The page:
My boss says I quit, but I didn’t!
We might think that it would be obvious when someone quits, but disputes about resignations are actually quite common. Typically what we see is a boss who says that an employee quit and an employee who denies it. A lot rides on who’s right – an employee who quits may not receive termination pay.
When an employee seeks our advice on this issue, we ask for details about what was said and done. We’re looking to see whether it was reasonable for the employer to have concluded that the employee quit. As a result, we need to know if you gave your boss a resignation letter or simply stormed off after a disagreement.
We also need to know what you did following the alleged resignation. Did you miss work for a week or immediately tell your boss that it was a mistake? The more that it looks like an employee’s comments were a response to a tense situation rather than a well-thought out plan, the more sympathetic courts will be.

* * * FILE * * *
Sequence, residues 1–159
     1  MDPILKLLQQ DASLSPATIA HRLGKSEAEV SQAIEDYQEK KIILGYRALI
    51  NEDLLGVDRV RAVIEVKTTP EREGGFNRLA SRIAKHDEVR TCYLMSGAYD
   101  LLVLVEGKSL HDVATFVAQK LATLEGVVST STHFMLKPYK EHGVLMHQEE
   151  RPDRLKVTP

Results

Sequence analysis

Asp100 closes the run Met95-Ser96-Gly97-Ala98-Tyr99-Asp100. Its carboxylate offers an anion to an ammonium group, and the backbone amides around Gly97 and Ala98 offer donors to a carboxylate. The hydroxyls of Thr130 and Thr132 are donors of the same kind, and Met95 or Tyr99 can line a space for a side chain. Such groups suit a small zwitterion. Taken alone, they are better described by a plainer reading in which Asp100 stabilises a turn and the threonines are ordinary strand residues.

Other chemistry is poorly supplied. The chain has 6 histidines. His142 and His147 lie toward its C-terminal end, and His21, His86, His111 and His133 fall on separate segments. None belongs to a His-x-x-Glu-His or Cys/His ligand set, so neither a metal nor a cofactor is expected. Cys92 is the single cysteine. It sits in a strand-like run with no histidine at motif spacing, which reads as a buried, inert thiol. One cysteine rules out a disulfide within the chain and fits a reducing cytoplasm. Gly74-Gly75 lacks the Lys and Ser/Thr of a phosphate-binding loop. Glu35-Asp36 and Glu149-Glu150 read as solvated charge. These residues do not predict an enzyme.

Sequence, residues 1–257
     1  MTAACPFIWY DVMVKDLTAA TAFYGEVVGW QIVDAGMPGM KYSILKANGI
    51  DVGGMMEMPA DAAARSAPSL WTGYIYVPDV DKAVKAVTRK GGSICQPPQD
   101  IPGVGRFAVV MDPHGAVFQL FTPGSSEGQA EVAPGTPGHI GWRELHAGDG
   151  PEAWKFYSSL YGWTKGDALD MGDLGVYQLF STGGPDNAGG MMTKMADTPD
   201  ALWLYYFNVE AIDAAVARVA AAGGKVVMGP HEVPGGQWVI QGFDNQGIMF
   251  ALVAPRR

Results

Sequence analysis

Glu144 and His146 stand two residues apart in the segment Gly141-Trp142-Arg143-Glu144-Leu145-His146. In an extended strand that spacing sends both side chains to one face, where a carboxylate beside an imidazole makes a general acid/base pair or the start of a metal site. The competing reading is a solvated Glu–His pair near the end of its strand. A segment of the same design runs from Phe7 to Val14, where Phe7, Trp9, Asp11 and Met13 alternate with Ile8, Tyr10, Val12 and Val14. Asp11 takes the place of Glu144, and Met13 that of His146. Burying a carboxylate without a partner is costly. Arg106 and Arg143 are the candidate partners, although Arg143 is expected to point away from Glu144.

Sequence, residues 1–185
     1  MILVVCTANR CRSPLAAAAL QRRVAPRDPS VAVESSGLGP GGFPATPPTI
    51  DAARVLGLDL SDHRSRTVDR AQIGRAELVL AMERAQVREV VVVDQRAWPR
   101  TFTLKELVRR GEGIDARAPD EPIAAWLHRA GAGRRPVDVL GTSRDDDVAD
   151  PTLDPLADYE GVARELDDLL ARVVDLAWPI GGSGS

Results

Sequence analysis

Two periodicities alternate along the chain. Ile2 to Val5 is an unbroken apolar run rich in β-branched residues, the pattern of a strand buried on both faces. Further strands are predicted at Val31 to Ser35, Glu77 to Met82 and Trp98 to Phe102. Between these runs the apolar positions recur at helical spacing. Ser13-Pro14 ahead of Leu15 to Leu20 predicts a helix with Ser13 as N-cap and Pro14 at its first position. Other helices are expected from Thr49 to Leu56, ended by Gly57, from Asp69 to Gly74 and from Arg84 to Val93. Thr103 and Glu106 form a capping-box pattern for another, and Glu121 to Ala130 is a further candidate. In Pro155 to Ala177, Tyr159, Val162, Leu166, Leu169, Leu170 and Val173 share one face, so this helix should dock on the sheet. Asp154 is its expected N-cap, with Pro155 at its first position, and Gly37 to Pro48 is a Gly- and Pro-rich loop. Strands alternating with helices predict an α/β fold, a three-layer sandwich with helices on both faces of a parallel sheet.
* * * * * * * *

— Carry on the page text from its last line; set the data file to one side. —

For instance, in the recent decision, Johal v Simmons da Silva LLP, the Court concluded that the employee didn’t quit even though she handed in her security pass, collected her personal belongings and went home early. In siding with the employee, the court considered, amongst other things, the employee’s age (62), length of service (27 years), and seniority. These factors all suggested that she wouldn’t have up and quit. In addition, the employee never actually said that she was quitting and only left after receiving unexpected news of significant restructuring.
In coming to its conclusion, the Court cautioned employers against jumping at a possible resignation to avoid liability. An employer is required to do more than “let sleeping dogs lie” and must actually make inquiries about “the Plaintiff’s true and unequivocal intention”.
If your boss says you resigned and you’d like an assessment of your case, contact us. Millard & Company has extensive experience representing employees in all types of employment disputes.
By Mika Imai; photo by rocketace with modifications, used under creative commons commercial license.